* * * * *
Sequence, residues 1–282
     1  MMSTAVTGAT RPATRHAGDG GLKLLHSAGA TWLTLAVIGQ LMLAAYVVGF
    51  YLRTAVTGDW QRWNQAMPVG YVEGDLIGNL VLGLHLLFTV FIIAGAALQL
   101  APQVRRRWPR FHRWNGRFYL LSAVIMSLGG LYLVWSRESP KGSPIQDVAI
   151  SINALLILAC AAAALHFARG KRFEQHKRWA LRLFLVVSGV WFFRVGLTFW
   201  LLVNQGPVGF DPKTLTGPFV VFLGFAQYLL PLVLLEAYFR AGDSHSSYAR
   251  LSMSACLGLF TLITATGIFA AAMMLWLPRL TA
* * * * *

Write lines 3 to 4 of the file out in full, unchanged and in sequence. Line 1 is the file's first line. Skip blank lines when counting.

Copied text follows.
    51  YLRTAVTGDW QRWNQAMPVG YVEGDLIGNL VLGLHLLFTV FIIAGAALQL
   101  APQVRRRWPR FHRWNGRFYL LSAVIMSLGG LYLVWSRESP KGSPIQDVAI